My husband and I have used a brand of sea salt in our diet for several years because we prefer its taste. However, there is no iodine in it. My family of origin (except my mother)all have been diagnosed with hypothyroidism; I currently take 100mcg. of levothyroxine/daily. (Diagnosed 30+ yrs. ago.)I once worked with an MD who put me on "natural" (animal?) thyroid; his answer to everything was "more iodine"! I once asked "If I'm on this much now, what will I need by the time I'm...55?" He couldn't answer that; I then chose a more traditional MD.

    I don't know if any blood work I've had has tested my iodine level. Being hypo-
    thyroid, that gets tested 2x/yr. I became a Type 1 diabetic at age 55 due to an undiagnosed viral attack; my pancreas no longer produces ANY insulin. I am now 71. Should I have my endocrinologist test my iodine level? Have recently added liquid kelp-150mcg./day tho' I don't always remember to take it. Is iodine critical for a 71 yr./old female? Would appreciate any feedback! Thanks.

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About Kate Neil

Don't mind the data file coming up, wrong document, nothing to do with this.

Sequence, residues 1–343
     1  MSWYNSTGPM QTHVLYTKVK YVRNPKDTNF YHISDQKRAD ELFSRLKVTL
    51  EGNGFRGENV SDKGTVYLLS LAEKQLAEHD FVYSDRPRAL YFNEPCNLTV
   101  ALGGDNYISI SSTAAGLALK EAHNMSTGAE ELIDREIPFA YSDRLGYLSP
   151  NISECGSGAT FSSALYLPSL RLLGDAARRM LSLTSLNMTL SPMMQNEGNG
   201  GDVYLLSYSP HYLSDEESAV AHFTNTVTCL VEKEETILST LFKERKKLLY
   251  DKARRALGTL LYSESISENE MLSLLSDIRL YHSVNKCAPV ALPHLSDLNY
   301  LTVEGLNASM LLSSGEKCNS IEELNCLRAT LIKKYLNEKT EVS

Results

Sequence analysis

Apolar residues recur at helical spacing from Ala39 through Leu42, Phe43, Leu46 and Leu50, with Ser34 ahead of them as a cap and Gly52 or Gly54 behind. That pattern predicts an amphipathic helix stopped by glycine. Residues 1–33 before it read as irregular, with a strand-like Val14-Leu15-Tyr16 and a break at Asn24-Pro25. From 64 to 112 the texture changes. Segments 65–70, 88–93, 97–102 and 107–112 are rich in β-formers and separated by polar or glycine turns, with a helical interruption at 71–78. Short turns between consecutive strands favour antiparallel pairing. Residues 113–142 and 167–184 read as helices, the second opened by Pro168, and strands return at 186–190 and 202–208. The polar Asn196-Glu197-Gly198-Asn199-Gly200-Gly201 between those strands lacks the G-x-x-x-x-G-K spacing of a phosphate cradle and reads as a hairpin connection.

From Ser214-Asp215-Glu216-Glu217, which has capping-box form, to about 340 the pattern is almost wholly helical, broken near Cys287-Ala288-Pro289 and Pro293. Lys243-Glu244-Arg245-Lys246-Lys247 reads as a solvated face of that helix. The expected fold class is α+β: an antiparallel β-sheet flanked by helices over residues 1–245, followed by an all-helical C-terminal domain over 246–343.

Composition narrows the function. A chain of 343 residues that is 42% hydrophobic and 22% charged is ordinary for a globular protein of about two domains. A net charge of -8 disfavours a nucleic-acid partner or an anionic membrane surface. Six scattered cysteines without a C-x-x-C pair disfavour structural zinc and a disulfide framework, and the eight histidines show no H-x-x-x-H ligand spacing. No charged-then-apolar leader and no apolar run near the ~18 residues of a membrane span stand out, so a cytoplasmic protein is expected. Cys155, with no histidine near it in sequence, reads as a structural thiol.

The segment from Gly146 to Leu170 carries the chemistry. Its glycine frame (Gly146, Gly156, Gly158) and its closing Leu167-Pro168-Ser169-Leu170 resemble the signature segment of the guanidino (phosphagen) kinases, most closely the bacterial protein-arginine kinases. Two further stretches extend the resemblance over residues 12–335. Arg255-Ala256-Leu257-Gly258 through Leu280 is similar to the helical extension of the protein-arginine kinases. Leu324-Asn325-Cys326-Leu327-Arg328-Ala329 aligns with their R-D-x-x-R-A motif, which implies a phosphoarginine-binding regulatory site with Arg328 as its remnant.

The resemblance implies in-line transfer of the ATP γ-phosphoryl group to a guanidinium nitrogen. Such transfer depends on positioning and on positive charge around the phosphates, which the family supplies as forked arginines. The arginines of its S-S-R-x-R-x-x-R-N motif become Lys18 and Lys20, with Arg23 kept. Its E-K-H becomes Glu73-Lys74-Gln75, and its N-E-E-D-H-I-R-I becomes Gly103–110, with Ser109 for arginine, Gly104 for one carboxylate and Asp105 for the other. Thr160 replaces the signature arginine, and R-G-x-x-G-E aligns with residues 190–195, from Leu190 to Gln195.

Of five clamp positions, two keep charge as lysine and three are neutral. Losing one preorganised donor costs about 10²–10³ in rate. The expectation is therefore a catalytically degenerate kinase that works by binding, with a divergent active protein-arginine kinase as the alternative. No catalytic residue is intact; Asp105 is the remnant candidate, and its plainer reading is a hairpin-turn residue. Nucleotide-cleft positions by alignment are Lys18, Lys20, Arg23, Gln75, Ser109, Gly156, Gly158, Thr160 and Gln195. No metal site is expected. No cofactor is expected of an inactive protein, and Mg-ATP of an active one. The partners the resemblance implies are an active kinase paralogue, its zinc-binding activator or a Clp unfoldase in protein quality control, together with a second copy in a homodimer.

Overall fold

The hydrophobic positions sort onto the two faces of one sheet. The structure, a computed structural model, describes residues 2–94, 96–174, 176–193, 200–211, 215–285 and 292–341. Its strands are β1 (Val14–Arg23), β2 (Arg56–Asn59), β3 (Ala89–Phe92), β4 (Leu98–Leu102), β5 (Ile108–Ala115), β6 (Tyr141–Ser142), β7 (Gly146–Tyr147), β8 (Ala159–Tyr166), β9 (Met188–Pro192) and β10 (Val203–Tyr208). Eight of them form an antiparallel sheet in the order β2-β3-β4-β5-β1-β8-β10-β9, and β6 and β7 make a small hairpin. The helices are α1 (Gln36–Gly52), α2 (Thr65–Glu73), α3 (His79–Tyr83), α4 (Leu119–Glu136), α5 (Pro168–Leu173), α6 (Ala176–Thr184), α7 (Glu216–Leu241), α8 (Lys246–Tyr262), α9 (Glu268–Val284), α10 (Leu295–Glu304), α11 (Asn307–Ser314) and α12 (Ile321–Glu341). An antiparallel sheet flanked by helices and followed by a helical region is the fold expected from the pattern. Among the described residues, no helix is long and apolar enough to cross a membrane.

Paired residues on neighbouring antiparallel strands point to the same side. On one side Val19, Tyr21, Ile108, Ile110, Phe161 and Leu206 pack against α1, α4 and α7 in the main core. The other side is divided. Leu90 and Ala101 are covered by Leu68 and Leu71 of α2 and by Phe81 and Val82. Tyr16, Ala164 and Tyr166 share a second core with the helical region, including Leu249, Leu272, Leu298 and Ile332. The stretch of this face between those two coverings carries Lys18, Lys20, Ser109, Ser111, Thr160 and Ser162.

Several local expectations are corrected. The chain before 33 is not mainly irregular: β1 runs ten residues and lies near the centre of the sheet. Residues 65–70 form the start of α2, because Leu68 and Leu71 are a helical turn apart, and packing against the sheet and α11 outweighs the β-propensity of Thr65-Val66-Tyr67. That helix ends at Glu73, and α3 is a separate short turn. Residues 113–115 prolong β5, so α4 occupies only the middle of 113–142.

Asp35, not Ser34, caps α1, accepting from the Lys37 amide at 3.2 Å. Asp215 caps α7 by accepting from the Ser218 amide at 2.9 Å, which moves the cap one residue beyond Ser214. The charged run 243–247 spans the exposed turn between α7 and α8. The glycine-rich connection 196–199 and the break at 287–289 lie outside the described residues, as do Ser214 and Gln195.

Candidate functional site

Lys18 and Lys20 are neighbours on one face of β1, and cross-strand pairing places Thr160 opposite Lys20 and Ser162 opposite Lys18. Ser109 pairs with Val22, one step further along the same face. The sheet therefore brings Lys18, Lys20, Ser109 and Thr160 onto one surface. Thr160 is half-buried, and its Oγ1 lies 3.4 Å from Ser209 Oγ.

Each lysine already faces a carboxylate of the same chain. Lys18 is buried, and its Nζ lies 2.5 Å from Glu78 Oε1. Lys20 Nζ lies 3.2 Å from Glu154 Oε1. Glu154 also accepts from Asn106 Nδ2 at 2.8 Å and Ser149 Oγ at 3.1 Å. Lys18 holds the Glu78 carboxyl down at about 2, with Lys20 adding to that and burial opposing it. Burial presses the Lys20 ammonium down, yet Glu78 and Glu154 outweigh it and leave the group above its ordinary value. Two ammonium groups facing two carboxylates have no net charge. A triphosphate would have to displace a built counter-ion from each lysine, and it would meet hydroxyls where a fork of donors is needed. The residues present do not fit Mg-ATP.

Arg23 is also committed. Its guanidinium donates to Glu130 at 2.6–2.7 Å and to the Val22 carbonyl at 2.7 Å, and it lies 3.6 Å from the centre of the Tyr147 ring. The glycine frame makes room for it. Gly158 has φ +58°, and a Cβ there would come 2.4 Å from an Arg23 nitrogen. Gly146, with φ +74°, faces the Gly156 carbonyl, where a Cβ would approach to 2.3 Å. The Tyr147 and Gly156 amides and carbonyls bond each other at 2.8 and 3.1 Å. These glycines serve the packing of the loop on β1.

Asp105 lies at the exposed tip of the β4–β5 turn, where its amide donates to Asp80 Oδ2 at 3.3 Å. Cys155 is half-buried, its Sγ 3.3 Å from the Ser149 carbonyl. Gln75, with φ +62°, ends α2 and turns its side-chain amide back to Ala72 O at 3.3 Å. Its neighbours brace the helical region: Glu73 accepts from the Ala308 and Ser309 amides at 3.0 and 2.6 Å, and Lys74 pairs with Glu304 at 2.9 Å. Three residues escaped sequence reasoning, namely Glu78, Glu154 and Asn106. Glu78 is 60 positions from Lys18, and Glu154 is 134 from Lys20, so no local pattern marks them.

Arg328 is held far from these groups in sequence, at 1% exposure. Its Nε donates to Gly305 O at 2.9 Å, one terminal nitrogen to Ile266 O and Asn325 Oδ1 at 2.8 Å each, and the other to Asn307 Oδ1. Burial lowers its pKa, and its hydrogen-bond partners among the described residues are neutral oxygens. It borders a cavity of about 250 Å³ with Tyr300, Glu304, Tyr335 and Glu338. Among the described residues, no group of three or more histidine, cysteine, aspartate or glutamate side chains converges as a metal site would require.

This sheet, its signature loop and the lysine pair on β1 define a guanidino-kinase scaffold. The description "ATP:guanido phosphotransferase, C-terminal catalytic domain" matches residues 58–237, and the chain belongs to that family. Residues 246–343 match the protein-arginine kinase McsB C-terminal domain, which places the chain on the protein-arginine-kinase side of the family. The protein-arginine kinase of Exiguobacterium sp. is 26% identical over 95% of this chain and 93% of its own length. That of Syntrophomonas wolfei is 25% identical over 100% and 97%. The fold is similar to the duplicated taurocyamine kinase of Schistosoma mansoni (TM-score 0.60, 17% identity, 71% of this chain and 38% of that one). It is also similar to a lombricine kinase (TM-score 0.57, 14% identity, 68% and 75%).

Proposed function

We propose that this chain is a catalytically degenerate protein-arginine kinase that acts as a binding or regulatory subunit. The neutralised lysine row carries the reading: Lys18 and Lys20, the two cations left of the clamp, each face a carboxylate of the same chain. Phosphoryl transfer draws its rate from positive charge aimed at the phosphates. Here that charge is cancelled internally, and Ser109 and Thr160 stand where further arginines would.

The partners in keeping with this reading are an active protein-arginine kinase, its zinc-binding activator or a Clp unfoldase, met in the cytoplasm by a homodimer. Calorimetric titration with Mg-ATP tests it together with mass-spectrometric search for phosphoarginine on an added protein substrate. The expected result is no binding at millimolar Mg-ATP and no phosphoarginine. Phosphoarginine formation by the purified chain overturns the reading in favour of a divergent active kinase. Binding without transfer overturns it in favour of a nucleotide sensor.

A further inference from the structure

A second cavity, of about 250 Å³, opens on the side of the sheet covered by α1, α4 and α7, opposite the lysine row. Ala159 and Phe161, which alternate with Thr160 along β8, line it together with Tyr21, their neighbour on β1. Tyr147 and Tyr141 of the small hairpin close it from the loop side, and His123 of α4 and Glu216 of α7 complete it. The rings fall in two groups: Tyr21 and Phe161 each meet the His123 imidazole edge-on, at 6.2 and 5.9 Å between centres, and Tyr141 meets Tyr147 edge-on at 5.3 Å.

Kate Neil MSc (Nutritional Medicine) FBANT CNHC is Founding Director of CNELM (Centre for Nutrition Education and Lifestyle Management). CNELM has been teaching degree courses in nutritional science and personalised nutrition validated by Middlesex University, London since 2003. Prior to, Kate directed courses in nutritional therapy for other organizations. Kate’s practice focused on women’s health and in the mid-1990s was one of the first to publish articles and a book on balancing hormones naturally. Kate also supported parents with children within the learning disorder spectrum. She has published many articles and contributed chapters to books for nutrition professionals and is frequently asked for peer review. Kate’s early career was as a nurse and midwife. Kate is a Fellow of BANT, the Royal Society of Medicine and the Royal Society of Arts. She can be reached on Tel: 0118 9798686;